Fisher, J. 2018, Cold-hardy cacti, Reno Gazette Journal

prickly pear cactus next to rockCacti aren’t just for southern desert climates. There are many cold-hardy varieties we can grow here in our high-desert and often very cold climate. We have compiled a few varieties we know you can find at your local nursery or purchase online.

Why would you want cacti? First, they are all the craze right now online. Cacti in white pots on bookshelves with shiplap accent walls, cacti in the landscape to add texture and pops of color and cacti all over Pinterest and social media. Cacti are not only a new sensation and cool looking, but they also require less water and can tolerate extreme heat and cold conditions, which make them great options for our landscapes.

Some varieties that live well in our region include Escobaria vivipara, Opuntia erinacea, Pediocactus simpsonii and Echinocereus triglochidiatus.

Escobaria vivipara, or pincushion cactus, have petite pink flowers with yellow centers that bloom in spring to early summer. This spherical-shaped cactus grows in round clusters with half-inch long, dark-tipped spines. They only grow about 6 inches tall and can propagate easily by cuttings. If you have a spot in your landscape with full sun and well-drained soils, add this cactus for texture and excitement. Many people add pincushion cacti to xeriscapes, rock gardens or low-water-use hydrozones.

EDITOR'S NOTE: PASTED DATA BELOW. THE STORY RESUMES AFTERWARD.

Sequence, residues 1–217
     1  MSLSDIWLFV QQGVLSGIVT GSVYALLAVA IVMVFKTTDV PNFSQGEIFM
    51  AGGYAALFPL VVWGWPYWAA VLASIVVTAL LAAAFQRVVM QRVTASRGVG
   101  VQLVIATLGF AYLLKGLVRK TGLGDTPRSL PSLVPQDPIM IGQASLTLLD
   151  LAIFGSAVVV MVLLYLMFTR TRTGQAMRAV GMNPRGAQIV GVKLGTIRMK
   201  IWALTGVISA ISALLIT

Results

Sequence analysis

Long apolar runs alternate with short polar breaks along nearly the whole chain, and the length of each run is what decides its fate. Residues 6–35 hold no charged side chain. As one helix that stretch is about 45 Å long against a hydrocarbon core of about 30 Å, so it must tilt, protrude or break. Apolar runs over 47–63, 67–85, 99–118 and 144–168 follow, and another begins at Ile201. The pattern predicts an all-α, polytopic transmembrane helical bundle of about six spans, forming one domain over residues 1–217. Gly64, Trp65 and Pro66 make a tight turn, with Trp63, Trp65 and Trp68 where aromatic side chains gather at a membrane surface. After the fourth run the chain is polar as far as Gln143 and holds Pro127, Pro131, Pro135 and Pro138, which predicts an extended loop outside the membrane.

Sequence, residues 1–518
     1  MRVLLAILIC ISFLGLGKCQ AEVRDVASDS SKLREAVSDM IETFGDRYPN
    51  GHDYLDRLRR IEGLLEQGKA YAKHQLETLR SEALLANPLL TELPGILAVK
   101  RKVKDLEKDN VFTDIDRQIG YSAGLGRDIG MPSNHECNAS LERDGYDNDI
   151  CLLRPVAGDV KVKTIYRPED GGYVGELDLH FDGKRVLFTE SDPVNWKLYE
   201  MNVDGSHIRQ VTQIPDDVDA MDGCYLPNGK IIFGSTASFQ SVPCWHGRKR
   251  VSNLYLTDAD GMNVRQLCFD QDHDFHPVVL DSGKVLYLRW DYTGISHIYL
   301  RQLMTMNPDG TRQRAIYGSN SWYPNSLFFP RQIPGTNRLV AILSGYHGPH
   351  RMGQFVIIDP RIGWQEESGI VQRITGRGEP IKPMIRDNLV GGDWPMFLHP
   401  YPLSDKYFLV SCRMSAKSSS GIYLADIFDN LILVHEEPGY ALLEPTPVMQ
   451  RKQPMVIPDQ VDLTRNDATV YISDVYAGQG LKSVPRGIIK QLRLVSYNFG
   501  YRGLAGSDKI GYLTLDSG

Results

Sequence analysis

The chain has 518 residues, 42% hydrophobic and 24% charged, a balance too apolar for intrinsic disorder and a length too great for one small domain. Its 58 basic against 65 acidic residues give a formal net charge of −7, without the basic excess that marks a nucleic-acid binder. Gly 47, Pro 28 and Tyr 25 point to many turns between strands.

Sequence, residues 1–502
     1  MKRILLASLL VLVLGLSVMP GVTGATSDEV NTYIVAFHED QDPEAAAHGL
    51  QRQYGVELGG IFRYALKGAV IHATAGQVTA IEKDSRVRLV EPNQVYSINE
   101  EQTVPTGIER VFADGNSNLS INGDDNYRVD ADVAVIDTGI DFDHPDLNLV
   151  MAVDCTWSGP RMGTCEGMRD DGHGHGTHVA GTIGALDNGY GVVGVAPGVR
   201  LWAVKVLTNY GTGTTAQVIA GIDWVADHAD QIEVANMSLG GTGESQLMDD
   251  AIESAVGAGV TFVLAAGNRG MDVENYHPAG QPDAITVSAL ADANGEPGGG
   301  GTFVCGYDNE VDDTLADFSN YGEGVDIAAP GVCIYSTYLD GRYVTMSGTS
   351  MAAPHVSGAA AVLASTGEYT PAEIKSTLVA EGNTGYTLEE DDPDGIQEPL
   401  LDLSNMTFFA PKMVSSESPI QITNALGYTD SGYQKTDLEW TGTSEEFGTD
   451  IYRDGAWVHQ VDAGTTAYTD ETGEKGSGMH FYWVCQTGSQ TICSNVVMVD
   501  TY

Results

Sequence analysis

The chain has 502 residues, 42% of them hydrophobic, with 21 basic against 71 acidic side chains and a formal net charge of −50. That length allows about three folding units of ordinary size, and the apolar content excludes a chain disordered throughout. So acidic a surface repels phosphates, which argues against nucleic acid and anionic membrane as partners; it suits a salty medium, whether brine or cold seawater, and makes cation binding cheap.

Another cactus is Opuntia erinacea, or common prickly pear. This well-known cactus has flowers that range from pinks to yellows and emerge from spring to summer. It gets its name from the 1-inch white thorns that protrude out of its green stem, giving the plant a furry appearance. Plains prickly pear doesn’t grow tall, but grows about 3 feet wide. It also needs full sun and well-drained soil.

Given its common name hedgehog cactus, Pediocactus simpsonii resembles a hedgehog with a round appearance and spines all over its base. It has pink flowers that bloom from the top in mid-spring. If you need a plant that is deer- or rabbit-resistant, this plant is for you. Also, its flowers attract native bees. Put this plant in an area of your garden that gets full morning sun with afternoon shade, and it will grow happily year after year. Hedgehog cactus doesn’t grow very large, only 6 inches in height and 1 foot in width, so you may want to buy several and plant them in clusters of three.